Ecological farms: the only real way to feed an increasingly hungry world
Image: Tom Twigg for GristThere are those who would like us to believe that industrialized farming is the only way to feed the earth’s growing population. Disinformation comes daily from powerful industrial agricultural companies whose profits depend entirely on the sale of chemicals, genetically modified (GM) seeds, and food processing. Furthermore, they maintain that massive-scale farming methods are key to adapting to climate change.
This is just not so.
Contrary to what the propaganda tells us, yields from industrial crops do not consistently produce more food. It’s an industry-generated myth that ecologically-safe organic agriculture yields less than conventional agriculture. In fact, a comprehensive study comparing 293 crops from industrial and organic growers demonstrates that organic farm yields are roughly comparable to industrial farms in developed countries; and result in much higher yields in the developing world.
Numerous studies unequivocally state that our survival depends on resilient and biodiverse farm systems that are free of fossil fuel and chemical dependencies. The 2008 World Bank and United Nations International Assessment on Knowledge, Science and Technology concluded that a fundamental overhaul of the current food and farming system is needed to get us out of both the food and fuel crises. The report’s findings indicated that small-scale farmers and agro-ecological methods are the way forward.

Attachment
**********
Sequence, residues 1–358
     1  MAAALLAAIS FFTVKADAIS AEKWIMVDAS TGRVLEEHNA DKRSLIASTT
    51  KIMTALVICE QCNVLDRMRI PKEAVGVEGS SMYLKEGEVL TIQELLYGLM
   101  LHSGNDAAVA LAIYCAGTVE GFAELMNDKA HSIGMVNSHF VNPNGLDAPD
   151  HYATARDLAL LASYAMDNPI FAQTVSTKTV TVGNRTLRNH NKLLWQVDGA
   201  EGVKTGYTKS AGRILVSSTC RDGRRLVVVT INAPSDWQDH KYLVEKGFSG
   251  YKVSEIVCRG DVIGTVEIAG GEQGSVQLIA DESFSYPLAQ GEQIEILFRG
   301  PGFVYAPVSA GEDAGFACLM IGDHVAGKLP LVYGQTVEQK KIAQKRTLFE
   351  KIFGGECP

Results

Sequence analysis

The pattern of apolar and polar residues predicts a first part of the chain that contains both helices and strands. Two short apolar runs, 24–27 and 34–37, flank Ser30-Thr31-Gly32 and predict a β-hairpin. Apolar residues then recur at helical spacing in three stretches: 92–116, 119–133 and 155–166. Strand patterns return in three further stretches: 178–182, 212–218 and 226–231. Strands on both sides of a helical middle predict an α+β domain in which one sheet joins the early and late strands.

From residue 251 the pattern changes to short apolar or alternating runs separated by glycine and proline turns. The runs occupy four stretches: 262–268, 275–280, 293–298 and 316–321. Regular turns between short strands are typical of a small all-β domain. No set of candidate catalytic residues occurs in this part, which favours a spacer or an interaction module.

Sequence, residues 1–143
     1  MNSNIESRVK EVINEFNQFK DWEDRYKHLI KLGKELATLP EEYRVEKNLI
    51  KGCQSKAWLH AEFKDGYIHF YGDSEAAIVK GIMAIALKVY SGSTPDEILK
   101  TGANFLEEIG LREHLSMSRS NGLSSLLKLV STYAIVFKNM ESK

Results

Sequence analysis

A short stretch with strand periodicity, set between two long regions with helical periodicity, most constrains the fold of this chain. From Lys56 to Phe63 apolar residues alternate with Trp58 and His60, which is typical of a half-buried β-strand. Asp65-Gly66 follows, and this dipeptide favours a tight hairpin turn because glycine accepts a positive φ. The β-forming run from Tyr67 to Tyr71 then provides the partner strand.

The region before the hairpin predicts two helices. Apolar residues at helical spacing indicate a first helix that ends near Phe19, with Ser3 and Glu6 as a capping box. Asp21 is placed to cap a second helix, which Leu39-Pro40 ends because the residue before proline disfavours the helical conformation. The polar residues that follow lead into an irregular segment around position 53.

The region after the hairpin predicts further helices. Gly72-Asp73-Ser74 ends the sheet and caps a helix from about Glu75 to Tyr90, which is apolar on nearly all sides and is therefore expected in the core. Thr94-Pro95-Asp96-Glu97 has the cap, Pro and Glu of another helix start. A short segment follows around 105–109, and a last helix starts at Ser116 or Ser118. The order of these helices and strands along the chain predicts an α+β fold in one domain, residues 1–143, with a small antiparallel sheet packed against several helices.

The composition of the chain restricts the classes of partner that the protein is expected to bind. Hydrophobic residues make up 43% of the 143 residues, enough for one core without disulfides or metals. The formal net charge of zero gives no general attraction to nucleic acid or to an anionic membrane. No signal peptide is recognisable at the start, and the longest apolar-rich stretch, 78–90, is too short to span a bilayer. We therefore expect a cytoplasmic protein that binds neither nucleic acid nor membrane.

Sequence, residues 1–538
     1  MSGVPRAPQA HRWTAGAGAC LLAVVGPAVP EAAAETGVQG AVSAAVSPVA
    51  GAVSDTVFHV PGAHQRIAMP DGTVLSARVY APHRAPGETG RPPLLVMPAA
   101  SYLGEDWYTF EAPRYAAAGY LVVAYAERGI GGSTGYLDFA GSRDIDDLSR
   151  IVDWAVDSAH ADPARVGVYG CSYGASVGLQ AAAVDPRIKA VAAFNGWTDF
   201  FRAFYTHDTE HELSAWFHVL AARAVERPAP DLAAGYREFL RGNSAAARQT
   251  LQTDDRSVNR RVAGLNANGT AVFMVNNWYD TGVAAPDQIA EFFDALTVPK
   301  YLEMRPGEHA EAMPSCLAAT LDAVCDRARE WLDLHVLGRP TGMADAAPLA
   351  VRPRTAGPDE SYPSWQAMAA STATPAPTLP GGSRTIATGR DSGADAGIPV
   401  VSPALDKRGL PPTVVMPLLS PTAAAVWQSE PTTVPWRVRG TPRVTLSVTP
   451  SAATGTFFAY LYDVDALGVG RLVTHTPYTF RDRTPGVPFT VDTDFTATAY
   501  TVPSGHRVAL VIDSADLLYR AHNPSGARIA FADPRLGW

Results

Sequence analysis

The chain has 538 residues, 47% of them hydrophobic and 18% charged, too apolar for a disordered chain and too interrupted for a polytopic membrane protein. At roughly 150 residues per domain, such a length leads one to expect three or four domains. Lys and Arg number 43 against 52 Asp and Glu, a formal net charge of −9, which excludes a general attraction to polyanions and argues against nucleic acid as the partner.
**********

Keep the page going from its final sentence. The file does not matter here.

This assessment dovetails with a 2002 United Nations Food and Agriculture Organization (FAO) report, which found that organic farming enables ecosystems to better adjust to the effects of climate change and has major potential for reducing agricultural GHG emissions. The FAO report also found that organic agriculture performs better than conventional agriculture in terms of both direct energy consumption (fuel and oil) and indirect consumption (synthetic fertilizers and pesticides).
Large-scale agriculture-dependent upon commercial seeds (including GM seeds), chemical sprays, and petroleum-based fertilizers-can only reliably feed one thing: company profits. These profits come at the expense of our climate as well as farmers who become wholly dependent upon these companies for their livelihood.
And it’s farmers who are realizing through hard experience that this system doesn’t work. Monsanto, a major proponent of GM seeds, agro-chemicals and industrialized methods, this week reports a massive $283 billion loss in the third quarter-quite a hit.
Monsanto and others in the industry are scrambling for a foothold in developing nations to save a failed agricultural and business model in the U.S. They’re trying to convince foundations, aid agencies, and foreign governments that they hold the only key to staving off starvation. And, the way to do this is by smearing organic farming – which is the only truly dependable way to feed the world – and by ignoring climate change.
They’re putting their shareholders’ bottom line before a sick and hungry planet. It’s time we held them to the truth.